The chair of The DMA’s B2B Council, Richard Robinson, believes B2B customers are often more emotionally engaged than B2C shoppers since the purchasing costs can be higher and there can be a serious monetary impact if the wrong buying decision is taken.
“If the B2B companies build brand awareness and trust they would be able to reach more customers and encourage customer loyalty”, says Robinson. He also adds that the B2B brands are starting to spend a huge proportion of their marketing budget and resources on building relationships. It is difficult to enter a B2B marketing event today that does not cover account-based marketing and/or storytelling.
Robinson says a continuing long-term approach is essential because the B2B buying process is counted in months or even years.
“How many B2C marketers have to engage with a dozen or more decision makers, all with different needs and requirements, across multiple months, using different channels to consume information just to sell one product?” he questions.
Storytelling for differentiation
There is a scope for improvement and a change is needed on the part of B2B marketers as they need to become more confident about sharing their stories and differentiating themselves.
Tim Matthews is CMO at cybersecurity vendor Exabeam and author of the book ‘The Professional Marketer’. Matthews has built several B2B marketing teams over the years, including notable nine worldwide product launches at security products brand Symantec.
“People buy from people so it is crucial any B2B brand can find a narrative,” says Matthews. If there is an origin story around the founder then future buyers will connect with that and the brand. Stories will hook clients in because the marketing becomes more about the people behind the business rather than being too product focused, claims Matthews.
The lost opportunity
Colin Lewis, CMO at travel retailing platform OpenJaw Technologies, says that the internet has changed how B2B marketing is perceived because it is clearly visible how leads are being generated. “Big B2B brands such as IBM, Microsoft or Intel have always needed a proper and evolving brand story because they operate in such a dynamic market, but for other companies, the challenge can be getting the sales function to buy into the importance of the long-term brand building.”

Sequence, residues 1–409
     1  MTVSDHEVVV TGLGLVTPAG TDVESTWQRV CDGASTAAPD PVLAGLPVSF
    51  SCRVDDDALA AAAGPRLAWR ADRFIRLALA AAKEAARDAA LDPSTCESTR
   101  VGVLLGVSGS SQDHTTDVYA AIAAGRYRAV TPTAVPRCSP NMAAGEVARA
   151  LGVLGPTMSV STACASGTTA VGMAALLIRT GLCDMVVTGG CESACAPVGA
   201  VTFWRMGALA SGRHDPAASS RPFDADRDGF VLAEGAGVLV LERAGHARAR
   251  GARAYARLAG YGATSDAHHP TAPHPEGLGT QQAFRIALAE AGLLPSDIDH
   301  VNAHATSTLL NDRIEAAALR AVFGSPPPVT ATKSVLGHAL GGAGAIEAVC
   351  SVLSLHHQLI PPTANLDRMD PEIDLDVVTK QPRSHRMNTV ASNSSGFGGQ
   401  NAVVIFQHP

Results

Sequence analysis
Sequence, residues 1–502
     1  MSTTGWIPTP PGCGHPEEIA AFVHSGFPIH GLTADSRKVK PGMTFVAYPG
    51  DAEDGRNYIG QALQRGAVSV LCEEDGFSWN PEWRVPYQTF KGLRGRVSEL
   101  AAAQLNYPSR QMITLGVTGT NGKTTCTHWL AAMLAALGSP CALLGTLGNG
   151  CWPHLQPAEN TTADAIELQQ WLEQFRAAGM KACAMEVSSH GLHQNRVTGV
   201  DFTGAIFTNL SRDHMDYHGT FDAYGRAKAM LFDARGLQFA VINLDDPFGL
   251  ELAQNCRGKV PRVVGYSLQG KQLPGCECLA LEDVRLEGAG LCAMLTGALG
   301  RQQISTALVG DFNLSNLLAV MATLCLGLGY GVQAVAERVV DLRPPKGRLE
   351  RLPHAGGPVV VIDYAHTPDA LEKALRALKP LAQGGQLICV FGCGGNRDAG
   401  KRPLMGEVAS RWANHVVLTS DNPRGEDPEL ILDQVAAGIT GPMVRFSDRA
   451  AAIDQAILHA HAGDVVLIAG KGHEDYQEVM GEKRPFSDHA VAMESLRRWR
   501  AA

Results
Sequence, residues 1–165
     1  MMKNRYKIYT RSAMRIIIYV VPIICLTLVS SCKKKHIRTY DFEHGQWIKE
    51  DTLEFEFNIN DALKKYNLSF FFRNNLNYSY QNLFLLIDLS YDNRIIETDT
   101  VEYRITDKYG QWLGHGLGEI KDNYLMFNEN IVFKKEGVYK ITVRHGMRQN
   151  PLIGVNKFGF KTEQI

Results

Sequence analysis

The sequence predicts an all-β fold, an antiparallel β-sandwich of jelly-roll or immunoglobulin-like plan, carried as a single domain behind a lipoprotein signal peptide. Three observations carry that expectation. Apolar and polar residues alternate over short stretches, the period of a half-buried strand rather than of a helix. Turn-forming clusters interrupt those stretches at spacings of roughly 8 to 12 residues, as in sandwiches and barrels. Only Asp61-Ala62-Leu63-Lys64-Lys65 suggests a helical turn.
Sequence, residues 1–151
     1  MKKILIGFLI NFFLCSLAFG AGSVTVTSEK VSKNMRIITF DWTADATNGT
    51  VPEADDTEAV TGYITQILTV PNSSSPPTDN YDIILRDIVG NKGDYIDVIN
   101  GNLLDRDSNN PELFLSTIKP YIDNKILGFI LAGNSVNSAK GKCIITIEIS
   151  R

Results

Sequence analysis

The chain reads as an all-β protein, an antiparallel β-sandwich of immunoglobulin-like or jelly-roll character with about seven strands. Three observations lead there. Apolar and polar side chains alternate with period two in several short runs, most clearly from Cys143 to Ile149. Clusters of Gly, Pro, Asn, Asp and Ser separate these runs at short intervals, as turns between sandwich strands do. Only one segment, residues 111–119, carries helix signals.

Lewis is proud of OpenJaw Technologies’ own brand story: “We were set up by three entrepreneurs and are now a 400-strong company with high-profile clients such as British Airways and Cathay Pacific. Telling your story and not just talking about product boosts your credibility and can change the perception buyers might have of your business. It is also significant when we talk about improving the employer brand and attracting talent.
According to FleishmanHillard Fishburn’s research findings, 32% of people rank brand reputation as a key attribute they look for in a supplier while 57% of people look at the value for money. Buyers too want to work with the reputed brands that are experts in their industry and are storytelling thought leaders.
32% of people rank brand reputation as a key attribute they look for in a supplier while 57% of people look at the value for money
Head of technology at FleishmanHillard Fishburn, Claudia Bate adds that modern B2B marketing must appeal to both heart and mind since decision makers don’t leave their emotion and personality at home when they go to work. “Creative storytelling, quality content and distinctive brand identity are hugely important tools for breaking through the noise to drive real business value.”
The above contents are reproduced from an article published by Steve Hemsley Jun 2019.